Truck blockade of major California seaport stretches into day three

Protests by US truck drivers that began in Oakland Port on Monday July 18th continued into Wednesday The drivers are demonstrating against a new California state labour law (“AB5”) that they say is biased in favour of big businesses and makes it harder for independent truckers to operate.

Drivers picketed gates and blocked other truckers from hauling cargo in and out of the port. The protests were growing larger and more disruptive with each passing day.

Late on Wednesday Port of Oakland Executive Director Danny Wan acknowledged protesters’ frustration with California’s “gig worker” law and warned that a prolonged shutdown would “damage all the businesses operating at the ports” and cause customers to shift cargo to rival seaports.

The protesters worry that the law, which could soon be put into effect, will impose hefty costs on them that will slash their earnings.

SSA Marine, which manages the largest terminal at the Port of Oakland in the San Francisco Bay area, closed operations on Wednesday due to the protests, which brought businesses at other marine terminals to a virtual halt.

SSA and Everport terminal managers sent International Longshore and Warehouse Union (ILWU) dock workers home for safety reasons, it was reported.

AB5 sets tougher standards for classifying workers as independent contractors. Trucking industry legal challenges delayed enactment of the law for more than two years, but the US Supreme Court declined to review the case on June 30th clearing the way for it to go forward.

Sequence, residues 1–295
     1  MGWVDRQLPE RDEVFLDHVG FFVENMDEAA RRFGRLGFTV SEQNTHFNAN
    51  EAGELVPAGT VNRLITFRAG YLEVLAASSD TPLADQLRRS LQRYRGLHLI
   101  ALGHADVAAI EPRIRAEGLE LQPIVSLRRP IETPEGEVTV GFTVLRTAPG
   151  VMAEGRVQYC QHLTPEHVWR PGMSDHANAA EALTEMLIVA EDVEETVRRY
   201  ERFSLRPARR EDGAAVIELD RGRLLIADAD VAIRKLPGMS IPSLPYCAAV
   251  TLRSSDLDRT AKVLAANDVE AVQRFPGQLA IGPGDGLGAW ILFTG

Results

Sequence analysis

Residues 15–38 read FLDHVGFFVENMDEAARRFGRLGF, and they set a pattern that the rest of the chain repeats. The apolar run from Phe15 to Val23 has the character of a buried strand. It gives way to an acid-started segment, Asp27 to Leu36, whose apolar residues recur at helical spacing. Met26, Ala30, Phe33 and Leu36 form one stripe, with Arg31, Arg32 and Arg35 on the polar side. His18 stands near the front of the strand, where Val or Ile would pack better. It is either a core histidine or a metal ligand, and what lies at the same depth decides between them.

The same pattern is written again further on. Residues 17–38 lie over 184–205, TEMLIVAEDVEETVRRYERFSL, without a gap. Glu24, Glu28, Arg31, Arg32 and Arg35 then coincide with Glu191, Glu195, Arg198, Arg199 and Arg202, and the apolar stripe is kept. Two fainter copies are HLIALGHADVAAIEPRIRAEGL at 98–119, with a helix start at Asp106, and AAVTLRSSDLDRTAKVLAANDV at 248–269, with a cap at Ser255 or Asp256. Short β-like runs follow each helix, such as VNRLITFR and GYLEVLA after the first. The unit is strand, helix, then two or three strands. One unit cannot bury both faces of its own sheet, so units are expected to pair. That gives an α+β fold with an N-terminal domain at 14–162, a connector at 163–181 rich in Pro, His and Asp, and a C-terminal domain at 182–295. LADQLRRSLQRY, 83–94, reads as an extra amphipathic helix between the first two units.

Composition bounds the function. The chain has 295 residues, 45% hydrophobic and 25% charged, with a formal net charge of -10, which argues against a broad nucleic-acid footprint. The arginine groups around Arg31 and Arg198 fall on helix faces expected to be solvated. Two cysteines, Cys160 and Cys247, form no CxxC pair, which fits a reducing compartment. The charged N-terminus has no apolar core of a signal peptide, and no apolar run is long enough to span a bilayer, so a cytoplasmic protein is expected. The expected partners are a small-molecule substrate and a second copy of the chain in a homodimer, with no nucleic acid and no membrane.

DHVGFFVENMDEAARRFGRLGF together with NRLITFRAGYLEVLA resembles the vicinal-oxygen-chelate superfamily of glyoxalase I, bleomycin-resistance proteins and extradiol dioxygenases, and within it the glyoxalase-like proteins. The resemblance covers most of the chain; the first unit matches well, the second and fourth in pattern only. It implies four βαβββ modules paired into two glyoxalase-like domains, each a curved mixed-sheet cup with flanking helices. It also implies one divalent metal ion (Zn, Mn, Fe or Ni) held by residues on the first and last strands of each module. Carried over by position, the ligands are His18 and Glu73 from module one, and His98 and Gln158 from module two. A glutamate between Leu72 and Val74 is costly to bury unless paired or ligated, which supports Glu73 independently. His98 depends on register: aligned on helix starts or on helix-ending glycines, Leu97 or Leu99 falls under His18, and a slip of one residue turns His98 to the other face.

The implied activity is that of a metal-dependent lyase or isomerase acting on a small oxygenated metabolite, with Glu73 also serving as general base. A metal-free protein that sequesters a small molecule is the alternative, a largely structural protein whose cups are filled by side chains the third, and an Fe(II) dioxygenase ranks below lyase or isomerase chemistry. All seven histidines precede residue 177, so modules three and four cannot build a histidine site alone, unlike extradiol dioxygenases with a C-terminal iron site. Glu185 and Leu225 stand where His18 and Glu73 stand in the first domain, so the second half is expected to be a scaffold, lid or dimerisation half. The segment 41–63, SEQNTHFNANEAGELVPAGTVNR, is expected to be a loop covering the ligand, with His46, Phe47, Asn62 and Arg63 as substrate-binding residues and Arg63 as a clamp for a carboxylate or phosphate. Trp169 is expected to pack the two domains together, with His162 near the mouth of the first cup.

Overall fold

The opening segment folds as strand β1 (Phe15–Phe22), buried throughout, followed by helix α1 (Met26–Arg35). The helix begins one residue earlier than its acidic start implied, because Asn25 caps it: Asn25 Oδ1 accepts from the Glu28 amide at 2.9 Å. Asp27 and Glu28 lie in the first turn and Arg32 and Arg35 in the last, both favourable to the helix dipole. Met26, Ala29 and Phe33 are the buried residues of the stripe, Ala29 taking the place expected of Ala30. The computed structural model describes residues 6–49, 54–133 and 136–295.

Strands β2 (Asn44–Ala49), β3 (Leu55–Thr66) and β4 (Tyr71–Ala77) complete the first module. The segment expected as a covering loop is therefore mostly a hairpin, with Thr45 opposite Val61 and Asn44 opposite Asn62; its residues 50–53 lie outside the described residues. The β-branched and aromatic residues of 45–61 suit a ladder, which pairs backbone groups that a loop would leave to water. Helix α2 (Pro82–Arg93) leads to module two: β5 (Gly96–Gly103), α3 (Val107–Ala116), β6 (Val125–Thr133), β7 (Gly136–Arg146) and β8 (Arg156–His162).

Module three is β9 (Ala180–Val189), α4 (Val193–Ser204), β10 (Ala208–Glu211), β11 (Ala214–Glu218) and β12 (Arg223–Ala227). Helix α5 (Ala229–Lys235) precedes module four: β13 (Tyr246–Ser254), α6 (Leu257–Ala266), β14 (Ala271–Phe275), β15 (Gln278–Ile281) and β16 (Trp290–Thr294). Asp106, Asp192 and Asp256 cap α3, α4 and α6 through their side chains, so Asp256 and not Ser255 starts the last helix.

The Teamsters and the ILWU say that AB5 aims to clamp down on labour abuses and push companies to hire drivers as employees – which would enable them to join unions and collectively bargain with employers. About 5,000 truckers work at the Oakland port.

AB5 was designed to protect the rights of the gig workers of such companies as Uber, Lyft and DoorDash, but its impact on the truck-driving industry has been controversial since it was initiated. About 70,000 truck drivers in California own and operate their own trucks, and they have made it plain that they do not want to become employees.

In a letter to California governor Gavin Newsom on July 14th the Owner-Operator Independent Drivers Association said: “We are asking you to announce a delay in enforcement of AB5 in the trucking industry until the state fully considers how the law will affect small-business truckers and provides remedies to ensure independent contractors are not forced to be reclassified as employees.”